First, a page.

Every so often, when I'm out and about with the kids, someone asks me their ages. "Three and one," I say. The look of profound pity I receive always startles me a bit. Sometimes I wonder if they'll hug me in commiseration. Sometimes they just say, "You must stay busy." Which, of course, I do.
One, I knew was hard. Marko was hard at one. From twelve to eighteen months he was unstoppable and into everything and wouldn't take no for an answer. And then from eighteen to twenty-four months he wouldn't nap and wouldn't go to bed and collapsed in a puddle of tears if you said no to him. He threw tantrums lasting into two hours. I thought he must be a difficult toddler to make up for having been such an easy baby.
Nope. Michael was a much more high-needs baby, and he is even more into everything than Marko was! He's fifteen months today, and he never stops except when he's sleeping. He can scale onto the couch, over the arm of the couch, and onto John's desk to grab his computer in about four seconds. This morning I heard yowling coming from the bedroom, and then Michael toddled out carrying the cat. He pulls vegetables and likes to take a single bite out of every unripe plum. My one consolation is that he cannot yet open doors, but I am sure he'll figure it out very soon.
But with all that, he is very good natured, usually happy (unless you take away something he wants; then he flings himself on the floor dramatically and wails) and relatively predictable. He doesn't yet talk much, but he makes himself understood well enough and isn't often frustrated with his vocabulary of "ba" and "shyah," which two words he manages to use to describe everything. He certainly understands us fine. For instance, he'll go to the door and say "shyah," which in context must mean outside. So I say, "No, you can't go outside, you're not wearing any clothes." Next thing I know he toddles into the bedroom and comes back with a shirt and pants. "Shyah!"
Michael is exhausting, but he's cute and charming and likes to hug, so it's not so bad.
Marko, though, is hard in completely different ways. I wasn't expecting this. I thought three was supposed to be easy. My mom said it was. But then she said two was hard, and Marko was delightful pretty much the whole time he was two. I guess he's on an opposite schedule from my siblings or something.
All I know is, the kid who used to get very excited every time I asked him to do something, now has learned to say that no, he will NOT clean up this mess. And furthermore, he will empty out the diaper basket onto the floor. And then come up and spit on me.
It's something of a shocker. I have been off balance for a couple of weeks, so startled I am at my formerly agreeable kid. He hits, he makes guns out of everything, he pushes Michael to the ground. He empties drawers and bookshelves onto the floor. In the middle of a standoff with me about something else, he pees his pants while laughing maniacally. Sometimes he is so far in fantasyland he seems not to hear what I am telling him at all.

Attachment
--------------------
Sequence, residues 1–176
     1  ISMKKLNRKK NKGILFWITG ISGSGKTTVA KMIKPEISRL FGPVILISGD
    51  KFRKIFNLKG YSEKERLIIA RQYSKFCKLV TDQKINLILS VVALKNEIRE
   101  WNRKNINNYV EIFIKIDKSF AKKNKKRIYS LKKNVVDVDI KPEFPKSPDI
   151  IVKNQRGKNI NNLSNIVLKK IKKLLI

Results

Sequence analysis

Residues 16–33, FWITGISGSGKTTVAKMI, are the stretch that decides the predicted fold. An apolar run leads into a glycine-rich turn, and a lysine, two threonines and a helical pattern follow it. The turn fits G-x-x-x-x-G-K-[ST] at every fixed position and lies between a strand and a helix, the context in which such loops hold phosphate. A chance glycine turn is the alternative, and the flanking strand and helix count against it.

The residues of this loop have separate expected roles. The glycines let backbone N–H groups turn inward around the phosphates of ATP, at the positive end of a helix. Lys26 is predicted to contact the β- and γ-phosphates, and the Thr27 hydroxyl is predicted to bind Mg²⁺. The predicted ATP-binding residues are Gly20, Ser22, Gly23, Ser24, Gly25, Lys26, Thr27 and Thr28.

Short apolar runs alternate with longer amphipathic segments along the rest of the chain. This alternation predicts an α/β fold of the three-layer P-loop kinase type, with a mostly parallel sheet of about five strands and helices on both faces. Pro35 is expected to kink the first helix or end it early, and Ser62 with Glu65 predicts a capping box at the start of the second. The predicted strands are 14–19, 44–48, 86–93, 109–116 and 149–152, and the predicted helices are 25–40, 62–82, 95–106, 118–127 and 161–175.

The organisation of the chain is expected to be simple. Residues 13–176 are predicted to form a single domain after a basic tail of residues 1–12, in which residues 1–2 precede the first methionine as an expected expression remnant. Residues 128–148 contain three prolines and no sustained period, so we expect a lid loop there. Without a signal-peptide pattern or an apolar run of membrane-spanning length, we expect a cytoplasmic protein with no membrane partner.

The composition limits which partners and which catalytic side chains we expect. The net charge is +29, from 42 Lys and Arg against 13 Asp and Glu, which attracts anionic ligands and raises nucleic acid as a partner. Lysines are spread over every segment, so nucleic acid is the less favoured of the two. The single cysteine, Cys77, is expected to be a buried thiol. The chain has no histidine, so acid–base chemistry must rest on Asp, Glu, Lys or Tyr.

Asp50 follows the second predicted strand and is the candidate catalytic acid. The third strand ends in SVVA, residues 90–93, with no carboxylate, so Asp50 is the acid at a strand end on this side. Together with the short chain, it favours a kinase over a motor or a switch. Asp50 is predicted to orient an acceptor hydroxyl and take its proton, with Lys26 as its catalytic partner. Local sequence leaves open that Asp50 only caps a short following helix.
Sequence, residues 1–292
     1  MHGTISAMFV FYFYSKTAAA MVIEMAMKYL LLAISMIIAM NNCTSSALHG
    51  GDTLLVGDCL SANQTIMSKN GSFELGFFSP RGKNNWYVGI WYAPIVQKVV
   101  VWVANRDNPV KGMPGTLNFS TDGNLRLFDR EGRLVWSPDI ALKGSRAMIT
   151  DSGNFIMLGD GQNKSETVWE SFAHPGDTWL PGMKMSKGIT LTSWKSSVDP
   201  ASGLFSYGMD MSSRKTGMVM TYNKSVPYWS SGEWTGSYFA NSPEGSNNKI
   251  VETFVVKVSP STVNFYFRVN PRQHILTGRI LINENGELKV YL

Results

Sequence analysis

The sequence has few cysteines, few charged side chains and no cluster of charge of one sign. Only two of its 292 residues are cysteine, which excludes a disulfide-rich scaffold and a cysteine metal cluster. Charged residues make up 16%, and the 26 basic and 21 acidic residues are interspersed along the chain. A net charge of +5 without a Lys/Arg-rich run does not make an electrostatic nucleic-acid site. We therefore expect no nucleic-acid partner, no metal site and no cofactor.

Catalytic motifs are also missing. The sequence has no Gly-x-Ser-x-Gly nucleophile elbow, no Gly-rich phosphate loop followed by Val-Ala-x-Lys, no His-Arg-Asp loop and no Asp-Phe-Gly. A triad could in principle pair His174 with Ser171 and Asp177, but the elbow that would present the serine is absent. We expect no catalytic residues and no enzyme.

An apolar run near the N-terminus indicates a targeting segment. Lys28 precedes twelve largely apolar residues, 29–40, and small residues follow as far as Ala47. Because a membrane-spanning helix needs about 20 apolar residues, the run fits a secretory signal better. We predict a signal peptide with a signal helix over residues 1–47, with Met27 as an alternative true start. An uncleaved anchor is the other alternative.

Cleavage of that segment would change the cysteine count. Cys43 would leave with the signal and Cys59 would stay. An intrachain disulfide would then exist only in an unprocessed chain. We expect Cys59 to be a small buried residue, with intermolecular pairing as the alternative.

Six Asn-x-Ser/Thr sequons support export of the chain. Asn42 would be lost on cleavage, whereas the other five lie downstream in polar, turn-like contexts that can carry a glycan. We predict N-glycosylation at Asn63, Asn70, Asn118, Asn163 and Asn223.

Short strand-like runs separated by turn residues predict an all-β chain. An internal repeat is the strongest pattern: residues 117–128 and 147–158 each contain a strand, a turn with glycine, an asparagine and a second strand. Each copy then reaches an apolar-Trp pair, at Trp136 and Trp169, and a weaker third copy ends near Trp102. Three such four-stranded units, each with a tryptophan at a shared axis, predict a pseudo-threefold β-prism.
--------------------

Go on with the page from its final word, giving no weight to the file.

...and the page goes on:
At first I just tried yelling louder, being firmer, taking all his toys away, sending him to his room. The trouble with the room thing is that he universally dumps out anything that can be dumped in there, and then he pees on the floor. This is a child who has been (more or less) potty trained since Christmas. I can't figure out if he's doing it to be defiant, or if, in all the screaming and sobbing and raging about how he doesn't like being in his room, he just loses control. But at any rate it does not help my patience. And anyway it wasn't helping at all. The second he got back out, he was right back to the misbehavior.
So I tried to step back and observe. To try to be absolutely calm, and to watch. When was he doing this annoying behaviors? What was I doing when he was doing them? How was I reacting, and was that helping?
Well, what I learned was embarrassing. It would go like this. I would ignore him most of the time. Michael would be getting into everything, dumping everything, digging in the litterbox, dancing on the table, and I was paying attention to Michael, getting him out of those things, and then trying to get back to whatever I was trying to do (computer, housework, whatever). But the more I dealt with Michael and his mess, the more frustrated I got, so my temper would be eroding more and more. Then Marko would make a mistake, usually something really unintentional like spilling something or having an accident. And I would snap and scream at him. I wasn't keeping track of who was doing what bad thing, so I would think "the kids are being bad, this is the millionth awful thing they've done." Only it would only be the first thing Marko had done.
Once I started yelling at Marko, that's when the bad behavior would come out. It was like he was practicing passive resistance on me. He would tune me out, ignore me, sing when I was trying to talk to him, wander off. And if that didn't work, he'd try being actively destructive or aggressive. Obviously he wasn't getting very much out of this approach, but he was getting some attention and he was getting back at me for yelling at him.